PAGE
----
At least Capponi admits we ‘were outnumbered,both in ships and men’ and that ‘Lepanto was fought in Turkish-controlled waters near the Ottoman winter port at the mouth of the Gulf of Corinth opposite Patras, the present-day Naupaktos.’He also tells us ‘the Venetians had lost Cyprus and were demoralized from increasingly bold attacks on the coast of Italy.’

    Hanson,again referring to Capponi’s book,tells us ‘The Christian League ….. was never really much more than the galley fleets of Spain, the Papal States, and Venice. England and France kept clear. Both had long ago cut their own deals with the Ottomans. Indeed, during the winter of 1542 the French had even allowed the Ottoman corsair Barbarossa the use of their harbor at Toulon to refit, as he conducted raids along the Italian coast.’ /hanson071207.html

    Brian English and perhaps Niccolò Capponi seem to imply we could have won at the Battle of Lepanto without the aid of Our Lord and Our Lady – because of superior firepower. Interesting point. Why then were the Soviet Russians defeated by the Taliban in Afghanistan? Why on the three (or four occasions) in the past when Britain has been in Afghanistan have we been defeated? Why is it the west,in spite of it’s superior firepower and inspite of the secular media which claims to the contrary,did we lose in Iraq and are losing in Afghanistan?:
    (i) The Soviet Russians being athiest denied God.
    (ii)Britain had rejected the true Faith, the Catholic Faith,at the Protestant Rebellion (or Revolution).
    (iii)The western allies consisted of nations which had either become athiestic or rejected the true Faith (the Catholic Faith).
    The only way to win a war against terrorism is to ask the protection and help of Our Lord and Our Lady.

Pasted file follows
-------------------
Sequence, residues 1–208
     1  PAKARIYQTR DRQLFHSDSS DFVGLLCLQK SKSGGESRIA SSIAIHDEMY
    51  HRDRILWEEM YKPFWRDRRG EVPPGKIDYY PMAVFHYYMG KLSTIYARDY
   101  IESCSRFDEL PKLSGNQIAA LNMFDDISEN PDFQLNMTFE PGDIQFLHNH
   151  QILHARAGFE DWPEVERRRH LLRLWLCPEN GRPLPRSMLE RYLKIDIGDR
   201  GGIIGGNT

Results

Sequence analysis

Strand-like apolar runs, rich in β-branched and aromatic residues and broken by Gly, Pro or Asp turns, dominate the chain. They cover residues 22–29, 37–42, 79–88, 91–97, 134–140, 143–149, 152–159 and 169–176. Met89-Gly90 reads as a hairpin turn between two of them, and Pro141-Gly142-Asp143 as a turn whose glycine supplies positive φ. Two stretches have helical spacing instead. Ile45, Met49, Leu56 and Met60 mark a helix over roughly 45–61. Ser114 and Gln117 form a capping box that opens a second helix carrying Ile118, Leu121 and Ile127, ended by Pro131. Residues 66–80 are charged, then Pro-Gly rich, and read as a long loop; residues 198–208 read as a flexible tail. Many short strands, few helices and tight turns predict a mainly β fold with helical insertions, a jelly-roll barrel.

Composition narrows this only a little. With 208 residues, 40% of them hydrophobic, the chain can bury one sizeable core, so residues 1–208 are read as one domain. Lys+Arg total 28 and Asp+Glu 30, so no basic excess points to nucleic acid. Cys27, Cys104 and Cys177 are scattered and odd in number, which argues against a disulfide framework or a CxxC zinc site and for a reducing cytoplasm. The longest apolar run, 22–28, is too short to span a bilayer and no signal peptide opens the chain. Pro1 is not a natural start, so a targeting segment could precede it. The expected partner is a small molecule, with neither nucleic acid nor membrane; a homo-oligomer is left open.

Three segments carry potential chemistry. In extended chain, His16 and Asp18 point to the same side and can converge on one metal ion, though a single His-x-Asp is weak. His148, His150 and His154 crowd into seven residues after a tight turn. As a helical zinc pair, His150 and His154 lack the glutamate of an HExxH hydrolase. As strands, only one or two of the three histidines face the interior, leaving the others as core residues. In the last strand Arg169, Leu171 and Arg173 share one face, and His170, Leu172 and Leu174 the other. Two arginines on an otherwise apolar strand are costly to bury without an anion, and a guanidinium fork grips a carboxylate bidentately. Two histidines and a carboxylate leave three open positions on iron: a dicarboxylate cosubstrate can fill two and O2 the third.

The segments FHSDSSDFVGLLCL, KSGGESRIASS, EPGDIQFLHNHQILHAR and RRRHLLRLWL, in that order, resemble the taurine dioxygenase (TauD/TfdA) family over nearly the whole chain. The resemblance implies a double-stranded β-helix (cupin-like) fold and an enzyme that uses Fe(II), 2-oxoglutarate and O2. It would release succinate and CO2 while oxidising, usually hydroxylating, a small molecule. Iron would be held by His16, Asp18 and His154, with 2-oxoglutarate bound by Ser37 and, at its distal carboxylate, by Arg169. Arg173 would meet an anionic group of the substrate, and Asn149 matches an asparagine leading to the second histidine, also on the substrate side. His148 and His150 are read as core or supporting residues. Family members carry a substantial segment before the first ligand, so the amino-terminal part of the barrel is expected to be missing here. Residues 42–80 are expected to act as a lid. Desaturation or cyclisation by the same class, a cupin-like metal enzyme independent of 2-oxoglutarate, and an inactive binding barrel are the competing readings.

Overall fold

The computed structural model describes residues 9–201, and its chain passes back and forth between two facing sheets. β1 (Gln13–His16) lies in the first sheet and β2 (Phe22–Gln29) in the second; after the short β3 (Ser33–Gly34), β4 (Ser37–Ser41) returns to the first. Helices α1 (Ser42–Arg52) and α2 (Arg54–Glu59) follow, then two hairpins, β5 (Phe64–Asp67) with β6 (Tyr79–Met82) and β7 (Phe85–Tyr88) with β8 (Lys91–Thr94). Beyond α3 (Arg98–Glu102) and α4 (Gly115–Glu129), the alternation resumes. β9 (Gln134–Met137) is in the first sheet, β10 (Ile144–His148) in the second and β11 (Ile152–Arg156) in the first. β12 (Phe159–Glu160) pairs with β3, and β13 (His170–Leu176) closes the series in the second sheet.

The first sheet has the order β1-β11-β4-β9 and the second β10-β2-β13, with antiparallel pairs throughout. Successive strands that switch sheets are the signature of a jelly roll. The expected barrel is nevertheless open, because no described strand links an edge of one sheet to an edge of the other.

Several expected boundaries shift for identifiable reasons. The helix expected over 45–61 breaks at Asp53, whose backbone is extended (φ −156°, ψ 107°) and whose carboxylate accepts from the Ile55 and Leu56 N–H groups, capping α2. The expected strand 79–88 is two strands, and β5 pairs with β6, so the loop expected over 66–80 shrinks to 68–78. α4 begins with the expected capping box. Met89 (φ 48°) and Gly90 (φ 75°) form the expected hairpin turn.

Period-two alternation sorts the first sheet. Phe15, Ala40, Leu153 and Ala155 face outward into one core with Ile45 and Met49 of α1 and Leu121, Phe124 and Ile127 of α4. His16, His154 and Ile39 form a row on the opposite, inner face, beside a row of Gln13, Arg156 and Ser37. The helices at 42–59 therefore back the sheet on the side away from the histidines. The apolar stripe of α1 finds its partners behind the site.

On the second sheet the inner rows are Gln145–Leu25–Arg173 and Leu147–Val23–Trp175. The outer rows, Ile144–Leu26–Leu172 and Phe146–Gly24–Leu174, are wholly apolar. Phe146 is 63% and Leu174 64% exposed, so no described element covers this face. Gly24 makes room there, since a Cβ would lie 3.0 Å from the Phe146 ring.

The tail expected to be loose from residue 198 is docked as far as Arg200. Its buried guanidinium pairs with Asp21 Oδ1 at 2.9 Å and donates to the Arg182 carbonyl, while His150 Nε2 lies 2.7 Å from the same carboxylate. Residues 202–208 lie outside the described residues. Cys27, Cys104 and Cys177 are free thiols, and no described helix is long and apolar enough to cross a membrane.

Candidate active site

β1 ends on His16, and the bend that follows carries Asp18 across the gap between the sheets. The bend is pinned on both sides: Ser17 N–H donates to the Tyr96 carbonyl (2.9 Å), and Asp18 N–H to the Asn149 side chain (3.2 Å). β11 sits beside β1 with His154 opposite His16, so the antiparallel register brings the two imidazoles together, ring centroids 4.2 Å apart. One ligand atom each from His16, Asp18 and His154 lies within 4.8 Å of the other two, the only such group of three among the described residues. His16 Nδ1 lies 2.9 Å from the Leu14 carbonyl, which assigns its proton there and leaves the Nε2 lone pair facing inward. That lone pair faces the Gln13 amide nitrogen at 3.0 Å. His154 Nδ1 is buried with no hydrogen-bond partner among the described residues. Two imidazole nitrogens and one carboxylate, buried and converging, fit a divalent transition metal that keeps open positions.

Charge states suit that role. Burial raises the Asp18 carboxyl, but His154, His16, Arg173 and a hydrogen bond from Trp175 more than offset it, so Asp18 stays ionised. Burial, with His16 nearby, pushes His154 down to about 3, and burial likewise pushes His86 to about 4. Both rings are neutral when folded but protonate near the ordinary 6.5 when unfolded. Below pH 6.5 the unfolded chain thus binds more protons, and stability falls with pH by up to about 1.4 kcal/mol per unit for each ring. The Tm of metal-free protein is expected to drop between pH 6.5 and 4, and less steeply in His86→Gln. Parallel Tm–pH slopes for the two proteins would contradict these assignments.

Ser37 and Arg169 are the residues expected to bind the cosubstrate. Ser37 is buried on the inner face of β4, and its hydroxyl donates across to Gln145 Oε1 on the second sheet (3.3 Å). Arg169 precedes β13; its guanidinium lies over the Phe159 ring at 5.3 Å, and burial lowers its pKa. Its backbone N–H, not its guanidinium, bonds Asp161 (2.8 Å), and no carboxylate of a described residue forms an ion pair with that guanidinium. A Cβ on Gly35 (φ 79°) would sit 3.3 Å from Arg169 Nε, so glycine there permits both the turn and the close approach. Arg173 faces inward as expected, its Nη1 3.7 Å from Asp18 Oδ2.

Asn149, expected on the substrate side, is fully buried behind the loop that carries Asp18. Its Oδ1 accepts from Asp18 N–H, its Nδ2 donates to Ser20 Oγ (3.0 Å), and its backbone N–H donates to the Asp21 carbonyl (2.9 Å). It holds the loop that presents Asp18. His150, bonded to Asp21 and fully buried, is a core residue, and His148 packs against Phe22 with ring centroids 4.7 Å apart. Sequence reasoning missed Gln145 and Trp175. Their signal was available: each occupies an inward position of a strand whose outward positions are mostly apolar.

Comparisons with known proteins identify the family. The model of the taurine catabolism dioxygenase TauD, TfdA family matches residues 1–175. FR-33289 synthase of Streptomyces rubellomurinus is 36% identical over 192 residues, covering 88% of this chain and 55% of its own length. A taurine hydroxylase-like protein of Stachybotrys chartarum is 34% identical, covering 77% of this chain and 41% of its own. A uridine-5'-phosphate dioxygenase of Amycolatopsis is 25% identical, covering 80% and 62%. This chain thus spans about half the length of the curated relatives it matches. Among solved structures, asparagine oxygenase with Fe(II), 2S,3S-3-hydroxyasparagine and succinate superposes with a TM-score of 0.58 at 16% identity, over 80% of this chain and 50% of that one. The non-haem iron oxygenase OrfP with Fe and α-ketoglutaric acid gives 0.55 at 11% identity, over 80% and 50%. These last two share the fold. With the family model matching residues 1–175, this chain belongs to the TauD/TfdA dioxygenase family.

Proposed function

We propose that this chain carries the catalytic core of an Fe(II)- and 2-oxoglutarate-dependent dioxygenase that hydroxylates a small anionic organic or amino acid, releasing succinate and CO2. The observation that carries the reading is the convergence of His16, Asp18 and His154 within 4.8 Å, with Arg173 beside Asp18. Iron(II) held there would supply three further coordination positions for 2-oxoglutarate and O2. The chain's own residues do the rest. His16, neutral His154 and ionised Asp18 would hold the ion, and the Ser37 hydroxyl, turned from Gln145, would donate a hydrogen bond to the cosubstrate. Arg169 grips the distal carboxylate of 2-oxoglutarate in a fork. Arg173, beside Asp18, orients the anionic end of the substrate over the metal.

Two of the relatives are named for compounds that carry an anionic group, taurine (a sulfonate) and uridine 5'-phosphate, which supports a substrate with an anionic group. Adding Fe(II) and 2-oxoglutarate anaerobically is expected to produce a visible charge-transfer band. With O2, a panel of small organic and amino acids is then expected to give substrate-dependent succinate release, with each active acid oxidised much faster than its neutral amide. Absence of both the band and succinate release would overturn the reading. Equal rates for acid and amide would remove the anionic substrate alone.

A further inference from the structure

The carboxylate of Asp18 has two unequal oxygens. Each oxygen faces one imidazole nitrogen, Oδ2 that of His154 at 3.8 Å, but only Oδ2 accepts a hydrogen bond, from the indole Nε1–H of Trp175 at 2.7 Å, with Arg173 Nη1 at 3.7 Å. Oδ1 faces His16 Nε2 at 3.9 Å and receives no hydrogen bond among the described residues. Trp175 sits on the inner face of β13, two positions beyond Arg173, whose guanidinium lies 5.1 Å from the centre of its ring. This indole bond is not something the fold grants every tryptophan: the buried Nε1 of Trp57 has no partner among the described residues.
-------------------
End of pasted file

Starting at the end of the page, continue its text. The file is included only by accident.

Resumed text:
9/11/2001 does have one thing in common with the Battle of Vienna – the date. The Battle of Vienna ran from 9/11/1683-9/12/1683.

  • “On the contrary Brian English it is a fact. I don’t care what Capponi says.”

    No, it’s not.

    “Brian English and perhaps Niccolò Capponi seem to imply we could have won at the Battle of Lepanto without the aid of Our Lord and Our Lady – because of superior firepower.”

    See my response to Elaine.

    “Why is it the west,in spite of it’s superior firepower and inspite of the secular media which claims to the contrary,did we lose in Iraq and are losing in Afghanistan?:”

    Wrong again.

    “(i) The Soviet Russians being athiest denied God.
    (ii)Britain had rejected the true Faith, the Catholic Faith,at the Protestant Rebellion (or Revolution).
    (iii)The western allies consisted of nations which had either become athiestic or rejected the true Faith (the Catholic Faith).”

    Last time I checked, the Taliban didn’t follow the True Faith either.

  • Brian Gregory you have a warped view of history and of reality.

    The Soviets and British were defeated by a race of people who lived and breathed war. As soon as there hands could support weight they were holding AK-47’s. That coupled with Afghanistans extremely inhospitible geography gives you a war that cannot be won. Alexander the Great and Geghis Khan, two of historys greatest conquerers were unable to defeat the Afghans, how do you expect us to?